Offroading is all about being a practical personWhen fitted with the right optionals, such as the air suspension, a Porsche Cayenne such as the one we see here has a ground clearance of up to 10.6 inches (270 mm) and, more importantly for this adventure, a maximum wading depth of 21.8 inches (550 mm).
While the driver of the Porsche may have left the measurement tools at home, attempting to cross such a river would've at least required some form of basic terrain assessment. Of course, that would have meant getting out of the leather-finished seat and turning to rocks and/or sticks in order to approximate the depth.
Hydrolock can easily render and engine uselessThe worst case scenario here is that the Cayenne's engine was hydrolocked. When this happens, water enters the combustion chamber and since fluids are extremely difficult to compress, the water will keep one or more cylinders from performing full cycles.
If an engine hydrolocks at idle speeds, it generally stops, but if this happens when the unit is running at speed, the consequences are usually devastating. The most common scenario sees the piston rods being deformed and from this point on the entire reciprocating movement becomes toxic for the engine. Terminal damage, such as a cracked block can easily occur.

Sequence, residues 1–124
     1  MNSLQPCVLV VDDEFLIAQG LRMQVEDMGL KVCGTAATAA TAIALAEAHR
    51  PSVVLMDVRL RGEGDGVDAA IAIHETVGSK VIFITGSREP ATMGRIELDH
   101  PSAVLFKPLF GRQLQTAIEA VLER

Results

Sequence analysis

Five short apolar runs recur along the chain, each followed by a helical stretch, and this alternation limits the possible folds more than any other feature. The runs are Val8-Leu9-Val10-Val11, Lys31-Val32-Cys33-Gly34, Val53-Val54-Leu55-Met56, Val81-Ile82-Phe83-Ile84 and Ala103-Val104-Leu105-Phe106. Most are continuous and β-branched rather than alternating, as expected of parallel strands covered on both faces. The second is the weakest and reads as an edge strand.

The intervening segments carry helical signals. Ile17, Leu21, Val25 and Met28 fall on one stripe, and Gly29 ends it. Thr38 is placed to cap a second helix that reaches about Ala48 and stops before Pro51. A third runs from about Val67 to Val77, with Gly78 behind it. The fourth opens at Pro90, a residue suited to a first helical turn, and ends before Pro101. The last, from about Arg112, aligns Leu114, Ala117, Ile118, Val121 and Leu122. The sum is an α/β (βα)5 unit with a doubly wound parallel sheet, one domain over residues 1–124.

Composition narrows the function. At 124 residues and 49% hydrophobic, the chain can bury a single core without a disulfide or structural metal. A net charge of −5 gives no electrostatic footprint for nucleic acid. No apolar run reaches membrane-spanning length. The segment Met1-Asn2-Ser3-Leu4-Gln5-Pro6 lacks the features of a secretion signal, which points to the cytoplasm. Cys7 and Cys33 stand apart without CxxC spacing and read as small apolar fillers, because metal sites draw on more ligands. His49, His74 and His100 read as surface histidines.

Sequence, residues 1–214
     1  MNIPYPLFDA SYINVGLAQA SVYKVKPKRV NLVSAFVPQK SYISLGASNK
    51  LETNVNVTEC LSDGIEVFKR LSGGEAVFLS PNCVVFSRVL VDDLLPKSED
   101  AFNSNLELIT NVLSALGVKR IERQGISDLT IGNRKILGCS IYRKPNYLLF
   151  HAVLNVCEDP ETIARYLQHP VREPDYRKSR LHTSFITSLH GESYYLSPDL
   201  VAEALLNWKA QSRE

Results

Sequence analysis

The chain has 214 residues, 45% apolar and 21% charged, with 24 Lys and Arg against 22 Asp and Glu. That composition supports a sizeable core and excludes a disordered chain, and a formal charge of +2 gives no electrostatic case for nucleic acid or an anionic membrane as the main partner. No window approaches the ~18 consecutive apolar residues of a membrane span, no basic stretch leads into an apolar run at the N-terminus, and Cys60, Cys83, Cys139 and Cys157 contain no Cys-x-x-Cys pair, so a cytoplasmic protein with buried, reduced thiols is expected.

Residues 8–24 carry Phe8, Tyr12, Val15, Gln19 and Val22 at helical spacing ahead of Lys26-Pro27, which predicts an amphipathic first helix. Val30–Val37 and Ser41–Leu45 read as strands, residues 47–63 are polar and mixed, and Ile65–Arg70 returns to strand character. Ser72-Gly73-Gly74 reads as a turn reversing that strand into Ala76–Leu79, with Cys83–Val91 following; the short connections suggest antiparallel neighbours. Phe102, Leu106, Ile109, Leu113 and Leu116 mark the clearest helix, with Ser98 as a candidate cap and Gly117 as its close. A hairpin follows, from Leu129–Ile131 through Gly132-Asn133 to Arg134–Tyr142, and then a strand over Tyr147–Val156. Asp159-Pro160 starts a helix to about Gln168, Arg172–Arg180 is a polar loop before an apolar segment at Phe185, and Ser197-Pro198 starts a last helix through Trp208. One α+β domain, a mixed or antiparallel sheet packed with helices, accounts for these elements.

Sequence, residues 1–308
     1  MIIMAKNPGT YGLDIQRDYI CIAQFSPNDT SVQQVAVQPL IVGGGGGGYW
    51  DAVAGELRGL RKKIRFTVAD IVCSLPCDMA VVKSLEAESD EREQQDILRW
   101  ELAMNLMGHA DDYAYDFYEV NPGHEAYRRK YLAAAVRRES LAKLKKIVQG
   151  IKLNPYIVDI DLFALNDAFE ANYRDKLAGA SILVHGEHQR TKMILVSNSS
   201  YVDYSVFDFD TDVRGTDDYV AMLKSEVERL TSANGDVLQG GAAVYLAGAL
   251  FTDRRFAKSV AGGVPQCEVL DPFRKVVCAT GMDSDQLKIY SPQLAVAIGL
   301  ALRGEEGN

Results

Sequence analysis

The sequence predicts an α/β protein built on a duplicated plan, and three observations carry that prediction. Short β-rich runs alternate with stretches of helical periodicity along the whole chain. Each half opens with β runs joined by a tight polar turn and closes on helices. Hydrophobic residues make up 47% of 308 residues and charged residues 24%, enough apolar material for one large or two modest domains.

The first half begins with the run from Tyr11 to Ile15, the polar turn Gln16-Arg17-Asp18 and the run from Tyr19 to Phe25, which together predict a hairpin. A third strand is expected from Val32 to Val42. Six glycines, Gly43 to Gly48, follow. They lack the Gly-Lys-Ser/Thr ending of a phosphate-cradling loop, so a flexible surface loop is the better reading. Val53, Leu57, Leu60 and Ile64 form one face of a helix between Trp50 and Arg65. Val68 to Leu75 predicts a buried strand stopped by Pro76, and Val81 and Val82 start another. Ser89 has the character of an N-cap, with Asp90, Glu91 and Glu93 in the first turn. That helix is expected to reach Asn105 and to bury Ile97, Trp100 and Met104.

Returning to the Cayenne, while nobody could expect a Porsche with a snorkel (the height of the air intake is the main factor that limits the maximum fording depth), you should know that the German SUV is very good at handling rugged terrain. Nonetheless, its performance road tires keep it from reaching the top of its class when it comes to such adventures.
Update: Witnesses report the driver revved the Cayenne as he was trying to get out of the river, when the engine died, while they claim the Porsche's engine was not running when the car was eventually taken away. Not the best outcome then...